Enzyme Kinetics and Metabolic Control Analysis
211
the slope of J ’(x). This is where the flux control coefficients are introduced.
Define
(6.30)
In (6.30) the enzyme concentrations
e,
and
e2
are used instead of the rate constants
k,
and
k2.
It
would be more correct to use the enzyme activities determined through the rate constants than
the enzyme concentrations
(or enzyme “dosages”) since the activity o f an enzyme is not
necessarily proportional with the enzyme concentration. Here we will, however, assume that
there is proportionality between enzyme concentration and enzyme activity. Flux and enzyme
concentrations are measured in units that are not commensurable, and consequently the
sensitivity of the flux with respect to changes in
e,
is scaled by
eJJ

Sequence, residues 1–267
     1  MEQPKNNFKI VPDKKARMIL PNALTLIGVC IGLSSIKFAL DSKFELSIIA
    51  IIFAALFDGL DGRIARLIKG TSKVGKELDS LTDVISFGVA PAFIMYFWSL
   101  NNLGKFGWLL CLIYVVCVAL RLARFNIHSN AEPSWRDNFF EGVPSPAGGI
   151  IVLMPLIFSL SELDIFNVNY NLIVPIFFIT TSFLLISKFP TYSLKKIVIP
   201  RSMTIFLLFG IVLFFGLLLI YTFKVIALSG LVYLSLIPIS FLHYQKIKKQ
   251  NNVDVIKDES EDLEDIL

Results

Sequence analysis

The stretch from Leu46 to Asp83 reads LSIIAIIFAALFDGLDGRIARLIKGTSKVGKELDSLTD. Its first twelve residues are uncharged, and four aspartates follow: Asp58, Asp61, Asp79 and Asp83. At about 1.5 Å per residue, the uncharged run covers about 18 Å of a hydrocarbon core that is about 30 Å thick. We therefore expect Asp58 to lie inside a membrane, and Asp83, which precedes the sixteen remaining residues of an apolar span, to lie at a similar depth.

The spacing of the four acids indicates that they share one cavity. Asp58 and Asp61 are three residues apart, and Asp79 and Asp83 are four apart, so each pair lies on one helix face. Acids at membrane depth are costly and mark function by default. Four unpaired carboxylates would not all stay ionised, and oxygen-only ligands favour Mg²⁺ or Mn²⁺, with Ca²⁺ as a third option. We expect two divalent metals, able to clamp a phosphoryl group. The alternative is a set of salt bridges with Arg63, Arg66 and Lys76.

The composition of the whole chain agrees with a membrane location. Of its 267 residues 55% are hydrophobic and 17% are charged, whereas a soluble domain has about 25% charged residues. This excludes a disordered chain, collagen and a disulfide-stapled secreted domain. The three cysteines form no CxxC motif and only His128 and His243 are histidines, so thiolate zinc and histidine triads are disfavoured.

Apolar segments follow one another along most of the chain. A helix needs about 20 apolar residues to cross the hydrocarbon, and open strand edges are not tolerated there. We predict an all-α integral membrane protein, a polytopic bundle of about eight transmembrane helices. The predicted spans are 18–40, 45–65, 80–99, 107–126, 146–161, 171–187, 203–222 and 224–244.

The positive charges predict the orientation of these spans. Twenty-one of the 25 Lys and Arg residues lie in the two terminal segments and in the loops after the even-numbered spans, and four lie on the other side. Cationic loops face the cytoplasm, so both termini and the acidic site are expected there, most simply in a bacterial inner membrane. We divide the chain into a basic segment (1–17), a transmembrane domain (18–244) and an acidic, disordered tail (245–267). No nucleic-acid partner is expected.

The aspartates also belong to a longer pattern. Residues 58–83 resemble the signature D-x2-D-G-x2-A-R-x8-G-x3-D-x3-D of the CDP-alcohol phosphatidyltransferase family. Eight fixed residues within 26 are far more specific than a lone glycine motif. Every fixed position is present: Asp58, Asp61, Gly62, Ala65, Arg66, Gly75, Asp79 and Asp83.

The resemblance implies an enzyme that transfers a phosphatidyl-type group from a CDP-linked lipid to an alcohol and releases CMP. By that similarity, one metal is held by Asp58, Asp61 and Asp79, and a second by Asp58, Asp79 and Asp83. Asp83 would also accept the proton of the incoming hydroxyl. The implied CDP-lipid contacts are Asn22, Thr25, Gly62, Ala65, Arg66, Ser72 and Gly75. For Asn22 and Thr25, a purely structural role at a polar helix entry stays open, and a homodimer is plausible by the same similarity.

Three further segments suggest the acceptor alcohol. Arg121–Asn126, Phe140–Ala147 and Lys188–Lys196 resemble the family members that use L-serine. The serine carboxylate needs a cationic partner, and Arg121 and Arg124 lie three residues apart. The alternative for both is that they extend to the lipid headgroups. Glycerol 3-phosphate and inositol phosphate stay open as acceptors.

in order to give dimensionless
flux control coefficients.
In the example we assume that the rate constants are proportional to the enzyme concentrations
and we obtain the following for the two cases of r,.
(6.26a)
since
kx
(or
x)
is the independent variable while
k2
is a constant.
To obtain the result for (6.23b) the following “chain-rule” for differentiation is used:
dJ kl
dJ' x
_
ÔJ' dy x
ôkl J
8x J'
dy dx J'
(6.31)
which means that also in general CJ, +
C‘2
= 1, just as in the simple case (6.23a).
Inserting
a/'
c
c f
dy
(c +
y
)2
y (c + y)
in (6.31) together with
y(x)
and dv/dx from (6.27) one obtains
C1,
as an explicit function of
x.
We
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